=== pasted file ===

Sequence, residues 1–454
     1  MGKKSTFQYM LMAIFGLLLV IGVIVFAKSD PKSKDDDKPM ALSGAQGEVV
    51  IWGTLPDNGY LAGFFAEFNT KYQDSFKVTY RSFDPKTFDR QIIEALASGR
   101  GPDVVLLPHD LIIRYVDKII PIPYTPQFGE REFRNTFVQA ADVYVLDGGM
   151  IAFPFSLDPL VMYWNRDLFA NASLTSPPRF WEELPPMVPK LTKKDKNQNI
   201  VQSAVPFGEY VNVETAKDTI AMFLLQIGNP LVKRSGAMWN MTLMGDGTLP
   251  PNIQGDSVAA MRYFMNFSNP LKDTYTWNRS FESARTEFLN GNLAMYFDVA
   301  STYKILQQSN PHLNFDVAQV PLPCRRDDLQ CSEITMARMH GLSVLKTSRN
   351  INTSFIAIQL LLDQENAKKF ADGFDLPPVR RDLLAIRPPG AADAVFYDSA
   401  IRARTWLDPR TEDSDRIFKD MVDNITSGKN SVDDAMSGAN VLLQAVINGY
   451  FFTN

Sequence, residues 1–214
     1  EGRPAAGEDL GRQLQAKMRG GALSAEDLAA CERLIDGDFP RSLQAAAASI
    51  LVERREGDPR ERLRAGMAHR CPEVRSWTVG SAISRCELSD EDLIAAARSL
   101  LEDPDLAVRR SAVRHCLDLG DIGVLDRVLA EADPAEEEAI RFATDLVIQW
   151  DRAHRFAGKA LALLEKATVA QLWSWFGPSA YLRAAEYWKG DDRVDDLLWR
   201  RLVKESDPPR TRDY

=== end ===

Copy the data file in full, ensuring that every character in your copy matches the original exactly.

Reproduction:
Sequence, residues 1–454
     1  MGKKSTFQYM LMAIFGLLLV IGVIVFAKSD PKSKDDDKPM ALSGAQGEVV
    51  IWGTLPDNGY LAGFFAEFNT KYQDSFKVTY RSFDPKTFDR QIIEALASGR
   101  GPDVVLLPHD LIIRYVDKII PIPYTPQFGE REFRNTFVQA ADVYVLDGGM
   151  IAFPFSLDPL VMYWNRDLFA NASLTSPPRF WEELPPMVPK LTKKDKNQNI
   201  VQSAVPFGEY VNVETAKDTI AMFLLQIGNP LVKRSGAMWN MTLMGDGTLP
   251  PNIQGDSVAA MRYFMNFSNP LKDTYTWNRS FESARTEFLN GNLAMYFDVA
   301  STYKILQQSN PHLNFDVAQV PLPCRRDDLQ CSEITMARMH GLSVLKTSRN
   351  INTSFIAIQL LLDQENAKKF ADGFDLPPVR RDLLAIRPPG AADAVFYDSA
   401  IRARTWLDPR TEDSDRIFKD MVDNITSGKN SVDDAMSGAN VLLQAVINGY
   451  FFTN

Sequence, residues 1–214
     1  EGRPAAGEDL GRQLQAKMRG GALSAEDLAA CERLIDGDFP RSLQAAAASI
    51  LVERREGDPR ERLRAGMAHR CPEVRSWTVG SAISRCELSD EDLIAAARSL
   101  LEDPDLAVRR SAVRHCLDLG DIGVLDRVLA EADPAEEEAI RFATDLVIQW
   151  DRAHRFAGKA LALLEKATVA QLWSWFGPSA YLRAAEYWKG DDRVDDLLWR
   201  RLVKESDPPR TRDY